CARBONDALE — Jason Frasor reached a crossroads after undergoing Tommy John surgery for the second time in 2001.
The 23-year-old righty was pitching for the Detroit Tigers' Class A affiliate, and had just come off a 5-3 season as a starter. Frasor could never seem to get the same spin on his curveball he had in high school, but featured a hard slider and low-90s fastball.
"I'd shown signs of being pretty good, but, again, you're still in A-ball, and I think I was 23 or 24," Frasor said. "The clock is ticking, or at least that's what I'm thinking about, but I do it. With encouragement from my parents. They said 'Come on Jay, what else are you gonna do? Have the surgery and get it done.' I came back and did well, and then I got moved to the bullpen, and that's when my career took off."
Frasor, 39, ended a 12-year major league career in August 2015. The 5-foot-9, 180-pounder appeared in 679 games, all out of the bullpen, and finished 35-35 with a 3.49 ERA. Frasor pitched more than 646 innings in the big leagues, mainly as a middle relief guy, with 615 career strikeouts and 283 walks.
Frasor pitched in his first postseason game in the 2014 American League wild card with the Kansas City Royals, getting the win after getting two important outs. He pitched in three of the Royals' World Series games against San Francisco, giving up four hits and one earned run in 2 1/3 innings. The Royals lost in seven games, ending what Frasor called the best months of his life.
"I got traded to Kansas City, and I get there, and we lost our first four games. We lose our first four games, and I remember telling my wife this team stinks," Frasor said. "And then, all of a sudden, we just won 25 out of 30, something ridiculous, and then, all of a sudden, I'm saying to my wife this is the best team I've ever been on. We win the wild card, we go and beat Anaheim. We're in the World Series. Those two months, September and October, were the best two months of my life. It was the best baseball, and I had my kids and my wife with me, and we were just going from city to city. It was so much fun."
Frasor went to the bullpen after starting 24 games in 2002 with Detroit's High-A affiliate in Lakeland, Florida. Frasor went 5-6 with a 3.54 ERA with 87 strikeouts in 117 innings that year, and never looked back.
"It was more me. I was a one-inning guy," Frasor said. "I was a two-inning guy, tops. It fit me because when I was in the minors, I was a five-and-dive guy. I would throw 100 pitches in five innings, because it was all fastballs and I'd get into high counts. In the bullpen, my velocity went up even more."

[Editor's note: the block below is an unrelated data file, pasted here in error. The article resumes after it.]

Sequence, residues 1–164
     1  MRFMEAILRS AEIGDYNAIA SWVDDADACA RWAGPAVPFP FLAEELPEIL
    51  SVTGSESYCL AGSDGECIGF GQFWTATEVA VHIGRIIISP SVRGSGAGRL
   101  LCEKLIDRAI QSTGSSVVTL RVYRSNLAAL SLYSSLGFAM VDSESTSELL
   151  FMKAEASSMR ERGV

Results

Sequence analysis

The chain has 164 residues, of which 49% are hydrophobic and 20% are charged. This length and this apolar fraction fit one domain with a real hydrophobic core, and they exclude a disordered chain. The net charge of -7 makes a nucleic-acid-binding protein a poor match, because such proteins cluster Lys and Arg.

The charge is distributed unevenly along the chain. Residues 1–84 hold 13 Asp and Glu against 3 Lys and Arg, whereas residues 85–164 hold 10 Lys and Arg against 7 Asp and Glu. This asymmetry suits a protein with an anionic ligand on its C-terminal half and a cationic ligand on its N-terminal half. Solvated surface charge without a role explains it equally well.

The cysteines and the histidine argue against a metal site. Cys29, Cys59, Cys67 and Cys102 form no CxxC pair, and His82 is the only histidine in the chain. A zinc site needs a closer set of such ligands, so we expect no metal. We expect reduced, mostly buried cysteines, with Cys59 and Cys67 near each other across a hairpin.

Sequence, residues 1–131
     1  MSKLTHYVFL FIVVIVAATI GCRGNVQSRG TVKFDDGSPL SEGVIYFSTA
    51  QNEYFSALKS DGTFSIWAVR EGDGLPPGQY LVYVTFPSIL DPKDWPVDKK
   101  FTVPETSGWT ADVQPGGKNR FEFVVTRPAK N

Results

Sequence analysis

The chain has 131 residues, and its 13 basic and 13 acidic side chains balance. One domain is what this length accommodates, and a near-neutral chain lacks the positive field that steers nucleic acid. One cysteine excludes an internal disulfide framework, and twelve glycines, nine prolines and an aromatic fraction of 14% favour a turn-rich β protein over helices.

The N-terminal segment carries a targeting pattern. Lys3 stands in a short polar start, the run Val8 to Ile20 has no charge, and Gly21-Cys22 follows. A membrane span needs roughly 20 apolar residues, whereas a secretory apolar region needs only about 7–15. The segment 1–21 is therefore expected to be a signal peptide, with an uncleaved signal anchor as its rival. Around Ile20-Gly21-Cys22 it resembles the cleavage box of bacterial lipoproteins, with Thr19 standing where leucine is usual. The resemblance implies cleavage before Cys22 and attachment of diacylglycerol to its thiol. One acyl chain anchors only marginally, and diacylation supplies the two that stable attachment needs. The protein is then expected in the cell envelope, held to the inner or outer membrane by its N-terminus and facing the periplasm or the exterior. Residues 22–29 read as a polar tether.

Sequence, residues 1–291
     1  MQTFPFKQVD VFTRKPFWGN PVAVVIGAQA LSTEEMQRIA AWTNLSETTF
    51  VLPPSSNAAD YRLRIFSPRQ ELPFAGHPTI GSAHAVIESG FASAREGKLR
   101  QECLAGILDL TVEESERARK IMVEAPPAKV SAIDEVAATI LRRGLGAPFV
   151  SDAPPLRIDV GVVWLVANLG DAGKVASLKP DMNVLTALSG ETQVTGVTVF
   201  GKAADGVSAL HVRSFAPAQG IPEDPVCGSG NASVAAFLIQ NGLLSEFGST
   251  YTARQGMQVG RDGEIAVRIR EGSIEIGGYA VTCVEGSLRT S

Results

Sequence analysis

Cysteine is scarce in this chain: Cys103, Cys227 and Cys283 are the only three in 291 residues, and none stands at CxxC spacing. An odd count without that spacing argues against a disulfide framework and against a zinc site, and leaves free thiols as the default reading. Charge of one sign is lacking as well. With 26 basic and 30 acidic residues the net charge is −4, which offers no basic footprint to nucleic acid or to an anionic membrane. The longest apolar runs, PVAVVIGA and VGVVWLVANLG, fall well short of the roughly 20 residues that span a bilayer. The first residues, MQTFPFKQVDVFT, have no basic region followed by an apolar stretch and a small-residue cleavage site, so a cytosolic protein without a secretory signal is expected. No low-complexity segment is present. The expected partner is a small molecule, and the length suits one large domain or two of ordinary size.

Before Frasor reached the major leagues with the Toronto Blue Jays in 2004, he struck out 278 batters at SIU from 1996-99. Frasor, an Oak Forest native who was recruited by longtime Saluki leader Dan Callahan, started 41 games, the fifth-most in school history. His 272.1 innings pitched — he might have set the record if he didn't have his first Tommy John surgery as a junior in 1998 — are eighth all-time at SIU.
Frasor will be inducted into the SIU Hall of Fame Friday night with Gwen Berry, Hubie Dunn, Alexis Moreland, Bianca Stuart and Ray Tabacchi.
Frasor pitched 64 2/3 innings his freshman year in 1996, starting 10 games for the only team he played on at SIU that finished with a winning record. The Salukis finished 29-26 overall and 18-12 in the Missouri Valley Conference (third place) despite Frasor's homesickness.
"Once we started playing, I rememeber, 'OK, I can do this. These guys aren't that good,'" he said. "I don't know what I expected, but I expected guys to be awesome, right? After fall ball I remember thinking 'I can do this. I can hang here.' I just remember getting better, and getting better quickly. It's not like I hit a growth spurt or something, but somehow I got better, and as a freshman, I fit right in and had to pitch in some important innings for that team."
Frasor now lives in Tampa Bay, Florida, with his wife, Laura, his son, Jack, and his daughter, Cameron. He hopes to return to baseball as a coach someday.
"Me and my son take taekwondo classes together. I take my daughter to gymnastics classes. I'm doing all that," Frasor said. "One day I'll be back in the game, because I want to be a coach. I'd love to be a coach. But not yet. I'm enjoying being at home right now, and I'm very fortunate to be able to spend so much time with Jack and Cameron."